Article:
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A warning on how much universities will charge students

Arif Ansari | 18:19 UK time, Friday, 1 April 2011

Graduates at Liverpool University

How much are students going to end up paying for a university education?

The government is increasing the amount to £6,000 a year from next year. It is allowing institutions to charge a maximum of £9,000 in exceptional cases.

But it's becoming increasingly clear that if universities get their way, the maximum fee will be far from the exception.

So far we know Liverpool, Manchester, Lancaster and Liverpool John Moores University are all planning to charge the full £9,000.

This week I spoke to Professor Michael Brown, the Vice Chancellor of John Moores University, who was quite frank about the position.

"If we charge £6,000, we lose £26m. Can't do it," he said.

So, I asked him, did that mean no university would be able to charge that fee?

"If they do, I don't think they'll be around for very long. And they'd be a very different institution in a few years time," he replied.

Several universities are no doubt still deciding how much to charge, others are simply refusing to say.

We know that Cumbria University is applying to the Office for Fair Access, OFFA.

It would only need to do that if it wanted to charge more than £6,000, but how much more is not known.

The government is significantly reducing the amount it's spending on undergraduate education which means the financial burden is shifting onto students.

Universities say they cannot maintain quality without increasing fees.

But the Liberal Democrat peer, Lord Mike Storey, and the Conservative MP for Warrington South, David Mowat, told the North West Politics Show that universities could manage with £6,000.

"If you actually do the sums, and I sit on a university council, you find the sums do add up," responded Lord Storey.

But Professor Brown thinks the government has got it wrong: "I didn't do the government's sums. You'll have to ask the government how they did their sums.

"They presumably took some advice from somewhere."

It seems likely that some courses, possibly even some institutions, will close as students think long and hard before committing so much money to their education.

By then Michael Brown will have gone. He's retiring as Vice Chancellor later this year.

Comments

  • Comment number 1.

    The government has presented its fee proposal as if it were merely a rise in the NHS prescription fee, whereas it is in reality the privatisation of the entire service plus conscience-salving concessions for the "deserving" poor. I suspect that the result will be that our professions will in the future contain just little Camerons and Cleggs plus a tiny number of local boys and girls made good.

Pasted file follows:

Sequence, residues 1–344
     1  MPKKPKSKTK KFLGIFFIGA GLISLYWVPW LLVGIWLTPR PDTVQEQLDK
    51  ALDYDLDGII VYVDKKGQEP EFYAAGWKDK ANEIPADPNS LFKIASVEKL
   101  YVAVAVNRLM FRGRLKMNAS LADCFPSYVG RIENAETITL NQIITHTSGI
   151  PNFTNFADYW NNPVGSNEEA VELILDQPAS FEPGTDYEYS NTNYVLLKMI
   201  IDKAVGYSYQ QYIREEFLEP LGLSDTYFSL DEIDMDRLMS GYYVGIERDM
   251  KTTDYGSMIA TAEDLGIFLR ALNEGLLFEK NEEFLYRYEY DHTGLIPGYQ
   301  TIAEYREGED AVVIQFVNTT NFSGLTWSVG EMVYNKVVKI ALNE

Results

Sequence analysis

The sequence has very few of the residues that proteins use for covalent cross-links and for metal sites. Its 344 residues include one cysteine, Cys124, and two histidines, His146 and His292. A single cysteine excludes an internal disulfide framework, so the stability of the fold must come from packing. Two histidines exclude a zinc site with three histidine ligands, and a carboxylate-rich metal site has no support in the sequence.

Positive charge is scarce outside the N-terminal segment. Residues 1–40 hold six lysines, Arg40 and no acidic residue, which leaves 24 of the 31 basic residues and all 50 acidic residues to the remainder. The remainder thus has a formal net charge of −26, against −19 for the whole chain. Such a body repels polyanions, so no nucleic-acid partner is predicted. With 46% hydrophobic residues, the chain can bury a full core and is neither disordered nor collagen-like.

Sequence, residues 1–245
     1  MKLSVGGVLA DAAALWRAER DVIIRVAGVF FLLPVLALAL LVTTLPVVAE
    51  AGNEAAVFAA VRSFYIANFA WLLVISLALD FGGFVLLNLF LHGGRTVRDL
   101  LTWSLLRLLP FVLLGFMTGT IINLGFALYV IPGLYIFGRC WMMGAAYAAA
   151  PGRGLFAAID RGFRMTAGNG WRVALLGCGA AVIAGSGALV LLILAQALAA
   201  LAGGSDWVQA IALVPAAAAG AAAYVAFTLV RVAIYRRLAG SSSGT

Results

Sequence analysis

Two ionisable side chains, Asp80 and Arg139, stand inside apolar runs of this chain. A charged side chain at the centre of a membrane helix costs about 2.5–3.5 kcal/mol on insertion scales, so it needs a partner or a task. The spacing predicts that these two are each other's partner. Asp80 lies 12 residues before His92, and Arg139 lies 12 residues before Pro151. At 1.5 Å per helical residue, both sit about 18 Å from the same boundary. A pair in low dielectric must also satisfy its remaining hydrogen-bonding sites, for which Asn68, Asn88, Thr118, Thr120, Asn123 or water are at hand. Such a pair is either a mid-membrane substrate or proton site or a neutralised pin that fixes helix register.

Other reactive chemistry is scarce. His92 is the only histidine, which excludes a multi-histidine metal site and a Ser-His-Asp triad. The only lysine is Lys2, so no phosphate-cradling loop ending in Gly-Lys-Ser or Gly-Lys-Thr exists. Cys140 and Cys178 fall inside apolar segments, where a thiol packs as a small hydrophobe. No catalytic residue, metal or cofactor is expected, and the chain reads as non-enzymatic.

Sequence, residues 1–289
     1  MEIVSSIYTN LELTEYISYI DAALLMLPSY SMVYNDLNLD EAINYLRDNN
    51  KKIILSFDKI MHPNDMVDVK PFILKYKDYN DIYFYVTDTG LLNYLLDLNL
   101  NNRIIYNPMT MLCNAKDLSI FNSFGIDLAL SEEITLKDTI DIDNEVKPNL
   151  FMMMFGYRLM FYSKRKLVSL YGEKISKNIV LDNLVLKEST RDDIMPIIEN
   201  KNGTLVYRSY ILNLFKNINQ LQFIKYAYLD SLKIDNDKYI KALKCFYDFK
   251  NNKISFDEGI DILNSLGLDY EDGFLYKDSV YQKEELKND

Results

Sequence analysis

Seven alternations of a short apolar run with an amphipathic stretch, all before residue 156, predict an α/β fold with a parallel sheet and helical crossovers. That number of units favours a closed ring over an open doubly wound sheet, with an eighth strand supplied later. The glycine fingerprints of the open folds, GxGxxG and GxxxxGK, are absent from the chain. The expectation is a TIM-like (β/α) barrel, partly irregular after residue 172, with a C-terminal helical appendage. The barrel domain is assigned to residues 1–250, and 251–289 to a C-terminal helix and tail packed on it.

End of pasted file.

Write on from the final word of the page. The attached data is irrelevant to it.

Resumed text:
• Comment number 2.

    It was interesting that when Mr Clegg decided that what he had signed pre-election wasn't worth a thing and shafted the future students, he and the others in the coalition were quite insistent that over £6,000 would be an exception.
    Wrong again. And I have a feeling they will pay for it in the local elections on May 5th.

  • Comment number 3.

    When they introduced the £6000 / £9,000 range I rememeber posting the question, "how long before ethe £6,000 becomes a floor and not a ceiling?"

    Answer, "no time at all."

    Obviously when compared to an additional £3,000 per year per student (an increase in revenues of 50%) the obligation to take on a proportion of poor students is not too onerous.

  • Comment number 4.

    I see the University of Central Lancashire are to charge £9000 per year from 2012. Good luck to them. As a former graduate I can confidently say they are cutting their own throats. Academic institutions have a reputation and excellent teaching to fall back on. As most of Uclan's students don't choose it as a first choice University in the first place, and many others are shipped in from abroad, they will think twice about applying in future.

    This is political motivation taking precendent over the benefit of students. A former poly with questionable standards of teaching and dubious degree courses (e.g. BA in Tableware anyone?) charging £9000 is patently not value for money. I suggest all these institutions are clubbing together to try and bankrupt the government over funding the upfront cost of these fees, and railroad them into changing the policy.

    The stupid thing is, the only other solution is to close some of the needless institutions (lets face it, we have too many universities to satisfy the needs of this country's young people alone) and Uclan is a ripe candidate for that. It is over-expansion of the University sector which means we cannot send people to University free of charge anymore. Free education based on attainment of good grades was always the fairest system - not this method now of 'it doesn't matter how bad your grades are, so long as you can live with the debt you can have a degree-of-sorts'.

 

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